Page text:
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Survey: GPs think LPs are liars

GPs are a suspicious lot, but their suspicions are not unfounded.

Nearly all, or 99 percent, of those questioned in a recent survey suspected limited partners have met with them even though they had no intention of investing in their fund, according to a report from IAG UK.

Another 91 percent of GPs said LPs took part in meetings to get their hands on “sensitive information” to benchmark other funds they were looking at, The Reputational Risk in Private Equity Report (RRiPE) found. And 84 percent think LPs have lied to them as to why they didn’t invest in their funds.

To compile the report, which analyzes the relationship between GPs and LPs and how well they communicate, Pivot Partners questioned 101 GPs and 128 LPs this past summer. Nearly one-third, or 30 percent, of the GPs were in North America while 41 percent of LPs were located on the continent. IAG UK is a joint venture between IAG and Thompson Taraz.

But LP behavior GPs look down on is actually taking a long-term view on the market, according to one LP who spoke to peHUB. Some LPs, like public pension plans or fund of funds, will meet with GPs even though there is a small chance of investing, the source said. “The LP wants to build a relationship,” the investor said. “Maybe they don’t want to invest in this fund but maybe the next. You see a lot of that.”

It’s the LPs’ job to meet managers and GPs should realize this, a second investor maintains. “After all, how many companies does the GP meet before they invest in one?” the second source said.

A third LP admitted they have taken meetings with GPs where the probability of investing was low. But this LP tries to be upfront before the meeting with the GP and explain why. It’s then up to the GP whether they want to meet, the third source said. Sometimes, the interaction does lead to an investment, the third person said.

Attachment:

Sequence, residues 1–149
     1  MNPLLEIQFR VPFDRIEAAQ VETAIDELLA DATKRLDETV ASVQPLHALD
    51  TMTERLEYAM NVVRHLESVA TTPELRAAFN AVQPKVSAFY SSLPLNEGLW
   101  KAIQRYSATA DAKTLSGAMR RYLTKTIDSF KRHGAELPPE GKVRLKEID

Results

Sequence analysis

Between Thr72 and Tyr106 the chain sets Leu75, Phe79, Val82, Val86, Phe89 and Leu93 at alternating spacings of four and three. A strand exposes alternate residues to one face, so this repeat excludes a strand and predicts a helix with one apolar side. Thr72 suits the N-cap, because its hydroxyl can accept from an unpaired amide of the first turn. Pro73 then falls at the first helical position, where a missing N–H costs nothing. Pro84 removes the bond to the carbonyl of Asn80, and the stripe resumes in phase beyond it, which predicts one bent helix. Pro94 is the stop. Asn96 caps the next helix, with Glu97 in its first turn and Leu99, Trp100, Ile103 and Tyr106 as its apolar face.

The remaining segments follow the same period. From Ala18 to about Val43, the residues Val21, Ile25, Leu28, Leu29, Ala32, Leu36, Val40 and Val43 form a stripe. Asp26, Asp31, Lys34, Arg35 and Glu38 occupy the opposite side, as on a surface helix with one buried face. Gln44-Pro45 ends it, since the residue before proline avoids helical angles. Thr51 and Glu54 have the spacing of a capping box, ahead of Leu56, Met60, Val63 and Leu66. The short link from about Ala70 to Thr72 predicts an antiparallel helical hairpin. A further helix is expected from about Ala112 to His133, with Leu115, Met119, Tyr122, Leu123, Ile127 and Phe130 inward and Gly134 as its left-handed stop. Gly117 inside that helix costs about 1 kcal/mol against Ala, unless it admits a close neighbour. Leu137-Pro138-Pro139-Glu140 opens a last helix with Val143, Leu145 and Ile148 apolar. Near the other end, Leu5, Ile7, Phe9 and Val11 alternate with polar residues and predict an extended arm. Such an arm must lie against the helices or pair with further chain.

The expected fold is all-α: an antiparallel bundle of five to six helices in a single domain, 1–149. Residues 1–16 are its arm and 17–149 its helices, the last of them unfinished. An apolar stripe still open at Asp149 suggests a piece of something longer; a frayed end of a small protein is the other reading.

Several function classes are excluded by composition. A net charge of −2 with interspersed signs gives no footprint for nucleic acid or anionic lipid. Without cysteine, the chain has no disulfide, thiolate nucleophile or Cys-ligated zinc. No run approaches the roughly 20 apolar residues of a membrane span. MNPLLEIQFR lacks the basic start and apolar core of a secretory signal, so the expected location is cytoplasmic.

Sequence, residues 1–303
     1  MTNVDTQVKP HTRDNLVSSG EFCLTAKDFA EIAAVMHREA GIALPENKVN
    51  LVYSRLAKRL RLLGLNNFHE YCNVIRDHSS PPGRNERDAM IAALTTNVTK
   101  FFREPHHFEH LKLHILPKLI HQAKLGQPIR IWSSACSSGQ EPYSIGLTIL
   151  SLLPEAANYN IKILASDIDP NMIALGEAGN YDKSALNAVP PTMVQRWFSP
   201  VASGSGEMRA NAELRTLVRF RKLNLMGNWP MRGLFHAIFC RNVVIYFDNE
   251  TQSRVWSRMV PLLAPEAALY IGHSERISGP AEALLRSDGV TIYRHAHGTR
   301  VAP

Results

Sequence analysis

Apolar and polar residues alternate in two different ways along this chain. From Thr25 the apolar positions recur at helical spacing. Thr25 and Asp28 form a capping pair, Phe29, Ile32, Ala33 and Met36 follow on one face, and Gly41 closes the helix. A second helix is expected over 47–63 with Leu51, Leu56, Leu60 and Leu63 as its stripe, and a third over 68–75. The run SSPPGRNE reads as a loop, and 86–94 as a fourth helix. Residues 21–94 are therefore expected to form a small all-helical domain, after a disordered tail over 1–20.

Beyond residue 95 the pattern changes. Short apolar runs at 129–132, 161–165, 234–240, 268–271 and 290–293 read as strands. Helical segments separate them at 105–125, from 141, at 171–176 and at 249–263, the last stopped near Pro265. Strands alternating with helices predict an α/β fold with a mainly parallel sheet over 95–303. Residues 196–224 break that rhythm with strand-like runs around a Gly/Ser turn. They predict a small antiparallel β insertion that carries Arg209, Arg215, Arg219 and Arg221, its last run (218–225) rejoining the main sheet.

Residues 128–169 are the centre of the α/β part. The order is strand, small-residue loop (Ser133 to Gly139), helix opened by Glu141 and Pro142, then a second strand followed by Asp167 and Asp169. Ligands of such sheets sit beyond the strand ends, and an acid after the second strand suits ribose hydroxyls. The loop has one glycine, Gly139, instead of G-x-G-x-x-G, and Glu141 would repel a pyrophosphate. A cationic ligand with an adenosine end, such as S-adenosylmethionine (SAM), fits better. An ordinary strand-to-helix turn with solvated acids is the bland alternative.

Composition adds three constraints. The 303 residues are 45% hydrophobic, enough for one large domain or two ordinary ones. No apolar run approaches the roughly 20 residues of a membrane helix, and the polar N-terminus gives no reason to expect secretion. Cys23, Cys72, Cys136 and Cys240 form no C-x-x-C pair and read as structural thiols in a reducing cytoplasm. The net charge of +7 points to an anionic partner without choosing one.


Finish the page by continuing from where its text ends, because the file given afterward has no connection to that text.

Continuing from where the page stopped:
Saying No

LPs do lie about why they rejected a fund, the first source said. Rejections are hard and some GPs don’t want honesty, the first two LPs said. They take rejection personally and get aggressive and angry, the two sources said. “They argue it and they don’t let the point go and then they tell other LPs that you don’t know what you’re talking about. So you realize there is no upside being honest,” the first investor said.

Some LPs will opt to avoid the rejected GP and will “drift away” rather than outright reject the GP, the first two LPs said. Another route is the “George Constanza it’s-not-you-it’s-me” approach where the LP blames themselves for their inability to invest. “We’ll say, ‘Hey you guys are great and we’re really interested but we’re over-allocated. We have too much exposure to semi conductors or we’re over-allocated in mega buyout,” the first LP said.

Providing Information

LPs and GPs also have different takes on transparency. Nearly all, or 92 percent, of GPs surveyed think they are doing a great job providing LPs with all the information they need, the report said. GPs, when asked to rate their reporting, tended to give themselves a four or five out of five, the report said.

LPs, however, are not as bullish. Only 46 percent said they are getting the information they need, according to the report. More than half, or 58 percent, of LPs said once they commit to a fund it takes longer to get the information.

Fifty-two percent of LPs said they put a GP on review because they didn’t communicate well on any personnel changes occurring with the firm, the report said. Another 42 percent placed a GP on review for inaccurate or incomplete reporting.

GPs are basically unaware of the reporting issues, the report said. Less than one in 10 GPs realizes there may be a problem. “Very few private equity fund managers recognize any serious issues with their fund reporting,” according to the report.

It isn’t surprising GPs think they’re doing a good job reporting information, the first investor said. There is no model for GP reporting, the LP said. GPs, because they are so different, typically don’t communicate with each other.

“There is no guide to PE reporting, no uniform policy on what should be provided and not be provided,” the LP said.

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